- Physical tokens for highly sensitive information or privileged access users add stronger layers of security, whilst enabling ‘passwordless’ authentication.
- SMS is a more traditional Two-Factor Authentication (2FA) method. However, given its known security weaknesses, it should be the option of last resort.
- Other methods to enable security while reducing user friction include using contextual intelligence to prove identity, alerting and monitoring on abnormal logon activity and Single Sign-On (SSO).
03. Keep Personally Identifiable Information (PII) Private
PII is extremely valuable to Threat Actors (criminals) who can use this information to steal your identity, impersonate you, or obtain credit cards or bank loans in your name.
- Take precautions to always protect your PII. Consider how much of your PII you freely provide on your social media accounts, or when signing up to new Apps, online accounts, or online shopping, etc.
- Never share your sensitive data such as date of birth, home address, mobile phone number or mother’s maiden name with any third-party suppliers.
- If you’re contacted by someone claiming to be from a bank, Telstra, ATO, or other recognised agency or business, you are not obligated to divulge sensitive or personal information — especially as you don’t really know whom you’re speaking with. Don’t ever feel intimidated or threatened by the caller, no matter where they claim to be from. If they are legitimate, they will understand your privacy concerns and allow you to call them back on their published number.
04. Be Cautious of One Time Password (OTP)
OTP is another form of authentication, which is sent as a text to the mobile device of the user. This can be from an App, a platform or provider to verify the user or grant access. Time-based OTP (TOPT) is only valid for a short duration, changing every 20-30 seconds.
- One of the issues with OTP is that it’s sent through text or email. These forms of communications can be intercepted.
- Be aware of unsolicited support calls, especially from organisations such as Telstra, ATO, banks or companies like Apple, Samsung etc. who advise you that they will send you an OTP via text, and then request you repeat it back to them for security identification. It’s quite possible the caller may be a Threat Actor socially engineering you.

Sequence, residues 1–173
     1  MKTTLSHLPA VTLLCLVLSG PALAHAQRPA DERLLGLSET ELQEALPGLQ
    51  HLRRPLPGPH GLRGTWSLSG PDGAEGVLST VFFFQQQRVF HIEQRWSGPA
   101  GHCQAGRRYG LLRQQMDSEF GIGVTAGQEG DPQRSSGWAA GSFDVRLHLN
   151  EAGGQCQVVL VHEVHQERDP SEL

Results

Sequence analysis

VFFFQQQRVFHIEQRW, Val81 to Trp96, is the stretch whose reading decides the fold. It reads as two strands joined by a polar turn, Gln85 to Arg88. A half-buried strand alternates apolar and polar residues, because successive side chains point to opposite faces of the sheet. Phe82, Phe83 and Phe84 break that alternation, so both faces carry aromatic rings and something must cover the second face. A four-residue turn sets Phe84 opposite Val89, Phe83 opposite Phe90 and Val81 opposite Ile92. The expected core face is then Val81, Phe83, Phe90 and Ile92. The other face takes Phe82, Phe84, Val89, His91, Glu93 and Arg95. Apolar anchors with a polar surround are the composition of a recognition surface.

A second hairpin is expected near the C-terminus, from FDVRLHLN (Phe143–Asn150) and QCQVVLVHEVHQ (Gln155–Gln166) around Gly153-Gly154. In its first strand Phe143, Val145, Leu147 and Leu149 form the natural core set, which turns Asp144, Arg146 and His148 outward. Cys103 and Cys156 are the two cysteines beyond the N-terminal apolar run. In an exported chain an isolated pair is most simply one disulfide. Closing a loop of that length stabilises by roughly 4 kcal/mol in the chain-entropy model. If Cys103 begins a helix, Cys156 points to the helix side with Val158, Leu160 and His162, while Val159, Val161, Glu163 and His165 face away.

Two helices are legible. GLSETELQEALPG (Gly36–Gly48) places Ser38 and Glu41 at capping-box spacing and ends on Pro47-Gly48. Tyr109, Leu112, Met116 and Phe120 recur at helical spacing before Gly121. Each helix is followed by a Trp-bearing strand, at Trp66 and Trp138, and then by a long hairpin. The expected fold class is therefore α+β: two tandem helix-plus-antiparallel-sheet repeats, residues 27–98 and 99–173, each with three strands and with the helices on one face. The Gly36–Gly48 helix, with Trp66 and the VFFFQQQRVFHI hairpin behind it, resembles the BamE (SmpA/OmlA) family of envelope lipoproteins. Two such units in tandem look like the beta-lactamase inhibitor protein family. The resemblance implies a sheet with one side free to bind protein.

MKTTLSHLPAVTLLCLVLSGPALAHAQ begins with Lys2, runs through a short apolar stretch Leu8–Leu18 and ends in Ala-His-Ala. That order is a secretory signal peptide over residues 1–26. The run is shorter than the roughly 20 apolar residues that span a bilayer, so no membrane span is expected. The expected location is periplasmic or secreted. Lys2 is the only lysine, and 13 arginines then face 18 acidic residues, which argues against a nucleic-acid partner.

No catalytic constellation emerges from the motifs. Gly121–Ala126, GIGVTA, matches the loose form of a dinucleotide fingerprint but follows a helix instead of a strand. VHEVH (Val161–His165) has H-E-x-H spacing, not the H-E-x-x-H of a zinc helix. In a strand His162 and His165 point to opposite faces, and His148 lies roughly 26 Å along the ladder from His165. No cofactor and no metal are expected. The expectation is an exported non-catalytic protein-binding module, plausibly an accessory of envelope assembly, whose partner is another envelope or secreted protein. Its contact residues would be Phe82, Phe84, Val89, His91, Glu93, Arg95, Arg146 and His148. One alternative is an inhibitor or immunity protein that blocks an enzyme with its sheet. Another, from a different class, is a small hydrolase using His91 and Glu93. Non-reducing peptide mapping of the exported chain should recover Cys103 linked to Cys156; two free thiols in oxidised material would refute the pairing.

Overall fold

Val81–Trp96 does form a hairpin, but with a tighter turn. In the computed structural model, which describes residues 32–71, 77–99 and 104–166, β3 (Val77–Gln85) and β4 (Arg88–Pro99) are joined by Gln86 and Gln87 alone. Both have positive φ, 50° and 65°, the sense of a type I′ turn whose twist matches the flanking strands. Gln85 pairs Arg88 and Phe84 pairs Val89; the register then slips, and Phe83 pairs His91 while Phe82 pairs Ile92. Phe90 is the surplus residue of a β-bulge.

- Also remember to protect your PII and don’t divulge anything to the caller.
- One secure use of OTP is when used as an authenticator method through Google or Microsoft Authenticator applications.
05. Keep Security Questions Safe
It’s convenient to select security questions which are easy to remember, however, this makes it easier for a Threat Actor to compromise a system using social engineering.
- Whenever you complete online security questions for third party providers, remember that you don’t have to provide the real answers such as mother’s maiden name, street you were born, etc.
- These security questions are only used by the provider to identify you. So if asked, “Where were you born?”, you could answer, “In a hospital”, or “What street did you grow up on?”, you could answer, “Can’t remember”. They are your answers and don’t have to be true or accurate, just remember to record them somewhere safe, such as within your password manager.
06. Beware of Mobile Porting Scams
Fraudulent mobile number porting happens when a Threat Actor pretends to be you and ports your mobile number from one provider to another. Threat Actors can often access your PII via your social media profiles.
Threat Actors then fraudulently use your mobile number to gain access to email accounts, superannuation, financial institutions or other accounts. Once your number has been ported, you no longer have access to it.
Any verification codes or password resets being sent to you for verification will be sent to the Threat Actor instead. This enables them to impersonate you, set up accounts in your name or steal money from you.